Donald Trump surprised a number of people when he recently unveiled his tax plan. He had seemingly promised a populist sounding platform that would soak hedge fund managers and the very rich. Instead, he presented a plan that resembles Jeb Bush's, only, well, bigger. Naturally, the Beltway Right was overjoyed, including many of those who have been Trump's fiercest critics.
- Grover Norquist applauded The Donald's efforts, saying, "This is a pro-growth, Reaganite plan... it's a good plan... it's Republican orthodoxy with a little twist here and there" [Grover Norquist blesses Trump tax plan, by Kenneth Walks, US News, September 29, 2015]
- Larry Kudlow enthused, "I really like it." He was also pleasantly surprised Trump had promised to slash the corporate tax to fifteen percent [Larry Kudlow on Trump's Tax Plan, by Todd Beamon, Newsmax, September 29, 2015]
- Ronald Reagan's speechwriter Jeff Bell even called Trump's tax plan "the most faithful to supply-side principles" among any of the plans advanced by GOP candidates [Reagan Speechwriter: Trump's Tax Plan Most Faithful to Supply-Side Principles, by Daniel Halper, The Weekly Standard, September 30, 2015]
So what's happening? Trump had a huge political opportunity here to define himself as an anti-Establishment Republican targeting the Donor Class. Instead, while holding the line on trade and immigration and maintaining a distinct position on foreign policy, Trump appears to be aligning with GOP orthodoxy on taxes except for eliminating some of the more egregious loopholes that help the very rich. For those hoping Trump was truly a different kind of Republican, this is disappointing.
However, from a political point of view, Trump is acting the same way as when he signed the RNC's "Loyalty Pledge," promising not to run as a third party candidate. During the first debate, many conservatives thought Trump had hurt himself by not committing to run as a Republican. Instead, he seems to have scared the GOP into demanding a loyalty pledge. He surprised everyone (and disappointed some) by proudly signing the pledge. But instead of pinning him down, it had the inadvertent effect of forcing other Republican candidates to remain loyal to Trump if Trump in fact wins the primaries.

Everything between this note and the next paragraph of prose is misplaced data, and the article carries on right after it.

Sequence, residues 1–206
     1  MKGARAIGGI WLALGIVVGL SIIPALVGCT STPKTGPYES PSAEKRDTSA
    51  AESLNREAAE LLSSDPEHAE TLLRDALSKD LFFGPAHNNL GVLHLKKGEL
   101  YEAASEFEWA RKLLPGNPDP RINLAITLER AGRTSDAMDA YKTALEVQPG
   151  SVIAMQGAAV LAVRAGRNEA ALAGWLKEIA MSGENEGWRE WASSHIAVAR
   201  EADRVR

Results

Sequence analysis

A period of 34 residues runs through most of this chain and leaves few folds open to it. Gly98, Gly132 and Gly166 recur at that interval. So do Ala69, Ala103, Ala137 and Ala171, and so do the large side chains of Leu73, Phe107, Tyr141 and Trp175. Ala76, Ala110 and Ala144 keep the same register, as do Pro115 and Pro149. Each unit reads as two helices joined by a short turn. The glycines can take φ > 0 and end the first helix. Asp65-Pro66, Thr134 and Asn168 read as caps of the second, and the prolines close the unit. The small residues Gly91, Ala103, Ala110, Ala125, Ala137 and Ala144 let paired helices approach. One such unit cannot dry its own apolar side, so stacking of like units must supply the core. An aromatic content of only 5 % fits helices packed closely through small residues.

At first, it seemed like Trump had given up his leverage. Now it looks like it was the political version of, "I'm not locked in here with you, you're locked in here with me!
Trump's tax plan has the same purpose. Albeit with some window dressing about taxing the "hedge fund guys" and a few policy changes, Trump is aligning himself with a "pro-growth" agenda that the Republican chattering classes can get behind. He's maintaining his trade and immigration policies to keep his credibility with the grassroots. He's not following the Main Stream Media's script and refuses to denounce his "far right" fans. And on foreign policy, Trump has repeatedly bragged about opposing the Iraq War and taken a generally positive view of Russia's intervention in Syria, separating him from candidates like Carly "I won't talk to Putin" Fiorina.
There have been thousands of words written about the meaning of Trump and whether he could be the beginning of a new political movement or a new kind of politics. But perhaps we are learning something just as surprising. Donald Trump is, as he said, a Republican.
Trump has nationalist positions on trade and immigration, but besides that, he generally believes in the same things as most other Republicans when it comes to slashing taxes and boosting the economy. And his tax plan is his way of telling normal Republicans that they need to get behind him if they actually want to accomplish their goals when it comes to core economic principles.
Of course, Trump may learn the hard way that Conservatism Inc. isn't interested in winning, but would rather lose politely and operate as a "safety valve" for the Right. But he's forcing them to make a choice. Are DC Republicans willing to support Trump if it means they will get their tax cuts? And is the populist Right willing to stick with Trump and win on immigration even if it means making Grover Norquist happy on taxes?
What's clear is despite his attack dog posture, Trump is trying to build a broad coalition and unite the American Right, while picking off Reagan Democrats on trade and immigration. And whatever happens in the weeks ahead, Trump's campaign up to this point shows that he's a better politician than many would have thought possible.